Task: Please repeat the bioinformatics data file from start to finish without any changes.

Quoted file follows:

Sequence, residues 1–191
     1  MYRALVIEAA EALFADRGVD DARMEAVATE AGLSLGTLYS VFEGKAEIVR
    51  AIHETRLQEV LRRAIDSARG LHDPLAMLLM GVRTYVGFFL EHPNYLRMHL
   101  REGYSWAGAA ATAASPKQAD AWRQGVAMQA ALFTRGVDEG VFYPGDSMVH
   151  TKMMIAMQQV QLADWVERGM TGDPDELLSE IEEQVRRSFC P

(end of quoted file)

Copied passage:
Sequence, residues 1–191
     1  MYRALVIEAA EALFADRGVD DARMEAVATE AGLSLGTLYS VFEGKAEIVR
    51  AIHETRLQEV LRRAIDSARG LHDPLAMLLM GVRTYVGFFL EHPNYLRMHL
   101  REGYSWAGAA ATAASPKQAD AWRQGVAMQA ALFTRGVDEG VFYPGDSMVH
   151  TKMMIAMQQV QLADWVERGM TGDPDELLSE IEEQVRRSFC P